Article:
Self-published Dot Scott was born in South Africa and immigrated to Canada with her husband, Doug, to join their son and daughter. She began writing at the age of ten, and went on to have a number of articles and children's stories published in various magazines and newspapers in South Africa and Canada over the years. In 1979 she created the Read for Joy magazine for newly literate adult African readers to assist with Women's Institute literacy projects. In 1975 her biography of her husband's grandmother, Daisy Scott, was published in serial form in the Salvation Army's magazine, The War Cry, in South Africa.


Girl in a Blue Bonnet: The True Story of a Woman's Quest in Africa (AuthorHouse 2011).


To many people, the Salvation Army is an organization that collects charity donations during the holidays, yet it is also a church and one of the largest world-wide philanthropic organizations, spreading its message and aid to those in need. With her historical biography, Dot Scott tells the story of 18-year-old Daisy Quarterman's love of humanity and yearning for adventure.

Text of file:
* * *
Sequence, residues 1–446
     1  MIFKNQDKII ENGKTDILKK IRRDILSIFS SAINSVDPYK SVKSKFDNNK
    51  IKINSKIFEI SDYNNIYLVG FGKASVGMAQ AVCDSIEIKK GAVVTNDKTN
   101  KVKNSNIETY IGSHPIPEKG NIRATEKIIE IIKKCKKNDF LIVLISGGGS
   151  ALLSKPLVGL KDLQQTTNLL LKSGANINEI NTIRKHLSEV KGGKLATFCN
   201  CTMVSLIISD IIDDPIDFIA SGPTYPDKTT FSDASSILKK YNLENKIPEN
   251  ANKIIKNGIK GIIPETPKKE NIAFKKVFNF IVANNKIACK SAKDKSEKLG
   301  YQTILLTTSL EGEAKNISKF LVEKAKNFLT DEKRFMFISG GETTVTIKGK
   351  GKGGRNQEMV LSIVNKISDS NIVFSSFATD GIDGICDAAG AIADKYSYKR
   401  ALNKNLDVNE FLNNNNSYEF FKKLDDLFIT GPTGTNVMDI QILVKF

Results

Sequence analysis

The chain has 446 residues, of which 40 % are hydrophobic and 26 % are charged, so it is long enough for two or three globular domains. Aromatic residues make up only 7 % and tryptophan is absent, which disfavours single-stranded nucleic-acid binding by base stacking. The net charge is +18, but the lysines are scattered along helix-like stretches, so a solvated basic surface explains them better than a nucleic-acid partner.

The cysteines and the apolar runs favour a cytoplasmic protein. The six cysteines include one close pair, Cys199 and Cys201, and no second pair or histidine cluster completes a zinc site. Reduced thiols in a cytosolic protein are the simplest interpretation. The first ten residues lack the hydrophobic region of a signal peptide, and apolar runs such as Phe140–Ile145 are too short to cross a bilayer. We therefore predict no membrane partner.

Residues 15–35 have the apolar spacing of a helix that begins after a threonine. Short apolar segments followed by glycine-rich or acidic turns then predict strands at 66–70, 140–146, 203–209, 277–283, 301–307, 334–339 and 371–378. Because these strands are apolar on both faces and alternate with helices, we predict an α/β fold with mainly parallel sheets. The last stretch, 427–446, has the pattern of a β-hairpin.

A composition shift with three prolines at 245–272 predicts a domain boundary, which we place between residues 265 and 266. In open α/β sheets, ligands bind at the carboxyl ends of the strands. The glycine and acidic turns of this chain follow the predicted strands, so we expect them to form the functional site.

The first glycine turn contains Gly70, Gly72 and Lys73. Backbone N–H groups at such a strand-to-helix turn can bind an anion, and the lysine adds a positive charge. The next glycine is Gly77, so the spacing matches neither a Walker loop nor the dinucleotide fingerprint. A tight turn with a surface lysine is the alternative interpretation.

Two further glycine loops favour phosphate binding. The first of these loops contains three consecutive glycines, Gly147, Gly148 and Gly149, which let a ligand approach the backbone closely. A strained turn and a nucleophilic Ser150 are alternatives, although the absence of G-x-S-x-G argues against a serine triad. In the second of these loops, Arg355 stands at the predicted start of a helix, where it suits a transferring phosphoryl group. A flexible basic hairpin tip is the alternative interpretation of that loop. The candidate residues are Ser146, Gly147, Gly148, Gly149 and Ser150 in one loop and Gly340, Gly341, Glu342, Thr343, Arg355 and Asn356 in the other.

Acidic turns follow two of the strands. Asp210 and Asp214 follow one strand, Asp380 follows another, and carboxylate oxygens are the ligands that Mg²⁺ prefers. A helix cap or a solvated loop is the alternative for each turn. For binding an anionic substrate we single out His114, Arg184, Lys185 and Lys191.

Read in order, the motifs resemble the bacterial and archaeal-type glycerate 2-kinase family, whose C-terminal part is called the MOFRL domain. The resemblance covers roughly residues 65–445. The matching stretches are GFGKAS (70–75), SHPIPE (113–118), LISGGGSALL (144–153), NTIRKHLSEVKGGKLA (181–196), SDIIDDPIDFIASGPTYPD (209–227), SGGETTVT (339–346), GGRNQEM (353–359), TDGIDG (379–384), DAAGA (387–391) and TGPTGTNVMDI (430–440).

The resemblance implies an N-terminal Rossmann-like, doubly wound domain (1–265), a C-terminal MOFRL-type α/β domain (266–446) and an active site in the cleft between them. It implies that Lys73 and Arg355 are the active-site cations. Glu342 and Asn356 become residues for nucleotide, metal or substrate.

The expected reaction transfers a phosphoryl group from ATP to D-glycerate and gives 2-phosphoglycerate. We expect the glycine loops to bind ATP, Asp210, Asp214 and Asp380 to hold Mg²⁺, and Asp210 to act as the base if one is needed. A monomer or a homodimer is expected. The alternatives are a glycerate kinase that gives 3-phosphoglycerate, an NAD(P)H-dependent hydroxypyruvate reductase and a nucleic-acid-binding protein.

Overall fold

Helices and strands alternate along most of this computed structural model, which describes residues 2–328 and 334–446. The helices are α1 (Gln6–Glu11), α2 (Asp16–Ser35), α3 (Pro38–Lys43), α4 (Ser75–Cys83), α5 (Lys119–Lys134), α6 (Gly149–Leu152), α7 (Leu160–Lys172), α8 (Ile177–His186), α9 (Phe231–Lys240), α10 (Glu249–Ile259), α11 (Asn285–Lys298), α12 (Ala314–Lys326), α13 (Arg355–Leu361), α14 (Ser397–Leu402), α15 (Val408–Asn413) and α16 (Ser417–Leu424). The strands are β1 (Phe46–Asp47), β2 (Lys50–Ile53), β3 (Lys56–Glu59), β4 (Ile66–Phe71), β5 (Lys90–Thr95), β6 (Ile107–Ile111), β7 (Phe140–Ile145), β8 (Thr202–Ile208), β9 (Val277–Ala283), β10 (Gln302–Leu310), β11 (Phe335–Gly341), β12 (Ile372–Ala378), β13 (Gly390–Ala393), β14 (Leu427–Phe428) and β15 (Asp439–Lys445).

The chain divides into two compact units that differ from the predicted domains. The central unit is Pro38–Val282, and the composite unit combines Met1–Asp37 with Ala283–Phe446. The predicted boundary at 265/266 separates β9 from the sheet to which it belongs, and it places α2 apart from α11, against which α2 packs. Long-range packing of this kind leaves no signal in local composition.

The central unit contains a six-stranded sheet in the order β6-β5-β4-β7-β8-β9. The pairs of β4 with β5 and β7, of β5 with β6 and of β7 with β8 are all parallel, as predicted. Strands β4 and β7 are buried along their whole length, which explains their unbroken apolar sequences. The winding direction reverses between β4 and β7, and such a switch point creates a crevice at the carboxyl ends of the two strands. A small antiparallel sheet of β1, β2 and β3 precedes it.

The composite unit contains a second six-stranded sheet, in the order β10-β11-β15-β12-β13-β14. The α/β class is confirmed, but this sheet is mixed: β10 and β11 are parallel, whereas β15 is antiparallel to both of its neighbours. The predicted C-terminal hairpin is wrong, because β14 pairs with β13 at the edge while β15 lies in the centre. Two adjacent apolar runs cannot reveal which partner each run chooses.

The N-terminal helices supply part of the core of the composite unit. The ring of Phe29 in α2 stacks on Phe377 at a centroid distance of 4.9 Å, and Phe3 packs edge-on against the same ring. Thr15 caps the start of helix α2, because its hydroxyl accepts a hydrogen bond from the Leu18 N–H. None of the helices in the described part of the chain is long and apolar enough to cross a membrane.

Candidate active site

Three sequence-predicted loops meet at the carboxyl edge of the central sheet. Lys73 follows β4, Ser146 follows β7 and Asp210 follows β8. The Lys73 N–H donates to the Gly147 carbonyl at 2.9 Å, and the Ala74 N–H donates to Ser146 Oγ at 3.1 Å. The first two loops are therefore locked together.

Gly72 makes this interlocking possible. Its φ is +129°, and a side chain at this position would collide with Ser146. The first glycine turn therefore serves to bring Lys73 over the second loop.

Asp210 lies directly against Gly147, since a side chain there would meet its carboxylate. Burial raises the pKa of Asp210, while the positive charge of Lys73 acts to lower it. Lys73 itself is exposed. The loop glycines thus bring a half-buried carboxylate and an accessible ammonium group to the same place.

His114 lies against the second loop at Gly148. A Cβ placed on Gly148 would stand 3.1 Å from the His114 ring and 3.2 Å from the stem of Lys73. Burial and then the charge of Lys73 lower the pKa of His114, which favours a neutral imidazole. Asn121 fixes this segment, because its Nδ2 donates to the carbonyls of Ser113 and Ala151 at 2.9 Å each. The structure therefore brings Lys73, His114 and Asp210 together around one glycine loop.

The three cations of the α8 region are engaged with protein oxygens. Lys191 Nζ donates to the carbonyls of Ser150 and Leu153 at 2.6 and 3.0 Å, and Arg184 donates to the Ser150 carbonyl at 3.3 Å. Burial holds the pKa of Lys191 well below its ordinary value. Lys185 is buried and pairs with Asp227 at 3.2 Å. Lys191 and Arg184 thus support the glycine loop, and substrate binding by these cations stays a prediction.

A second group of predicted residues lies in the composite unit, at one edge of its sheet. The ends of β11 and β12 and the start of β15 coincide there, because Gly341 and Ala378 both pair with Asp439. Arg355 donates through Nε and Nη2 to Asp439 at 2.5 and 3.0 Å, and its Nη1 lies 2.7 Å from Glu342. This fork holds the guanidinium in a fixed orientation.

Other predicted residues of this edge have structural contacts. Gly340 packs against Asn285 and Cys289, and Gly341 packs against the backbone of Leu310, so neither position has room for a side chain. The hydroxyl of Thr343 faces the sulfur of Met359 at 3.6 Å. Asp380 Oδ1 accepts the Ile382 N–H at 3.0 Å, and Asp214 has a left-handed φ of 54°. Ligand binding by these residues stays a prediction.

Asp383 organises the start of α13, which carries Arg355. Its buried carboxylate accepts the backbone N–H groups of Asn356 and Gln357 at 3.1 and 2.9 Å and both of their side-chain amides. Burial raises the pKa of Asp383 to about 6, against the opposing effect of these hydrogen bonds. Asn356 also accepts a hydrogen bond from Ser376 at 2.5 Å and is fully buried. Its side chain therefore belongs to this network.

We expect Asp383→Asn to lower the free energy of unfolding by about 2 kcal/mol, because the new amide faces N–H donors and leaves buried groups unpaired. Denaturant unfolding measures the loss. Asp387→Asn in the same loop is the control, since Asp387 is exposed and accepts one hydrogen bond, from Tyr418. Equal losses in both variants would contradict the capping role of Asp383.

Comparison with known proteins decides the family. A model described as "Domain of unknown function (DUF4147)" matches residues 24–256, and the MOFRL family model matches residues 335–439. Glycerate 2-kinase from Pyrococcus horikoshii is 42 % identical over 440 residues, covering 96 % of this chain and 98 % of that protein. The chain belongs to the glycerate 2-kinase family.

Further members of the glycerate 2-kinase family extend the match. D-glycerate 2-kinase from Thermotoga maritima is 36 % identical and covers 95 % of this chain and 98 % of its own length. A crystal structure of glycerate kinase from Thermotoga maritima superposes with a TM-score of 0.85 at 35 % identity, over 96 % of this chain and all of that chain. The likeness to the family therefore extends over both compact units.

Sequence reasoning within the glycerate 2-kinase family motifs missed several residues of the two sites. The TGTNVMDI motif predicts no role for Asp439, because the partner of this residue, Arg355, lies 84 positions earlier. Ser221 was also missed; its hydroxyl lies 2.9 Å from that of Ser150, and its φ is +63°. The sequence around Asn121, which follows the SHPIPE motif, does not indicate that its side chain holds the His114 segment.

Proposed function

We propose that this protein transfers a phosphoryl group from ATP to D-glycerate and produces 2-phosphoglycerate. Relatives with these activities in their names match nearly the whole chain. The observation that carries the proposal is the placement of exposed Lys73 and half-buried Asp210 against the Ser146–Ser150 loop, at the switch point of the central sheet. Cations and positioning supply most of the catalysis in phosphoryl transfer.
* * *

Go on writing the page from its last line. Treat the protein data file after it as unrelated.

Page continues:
Inspired by General William Booth, founder of the Salvation Army in England, Daisy volunteers in 1896 to become a missionary in South Africa. Leaving family and friends in England, she sets sail for a foreign land.

She soon finds herself in danger as she is caught up in the midst of political turmoil, violent upheavals and bitter conflict in Mafeking in 1899. But in the turbulence of the Boer War, when Daisy must make some life-changing decisions, she meets the love of her life.

Girl in a Blue Bonnet is a love story that tests the strength and faith of two young Salvation Army Officers torn apart by war in a beautiful, restless country. It is an inspiring story, sure to please fans of history, romance and adventure.

[BCBW 2011]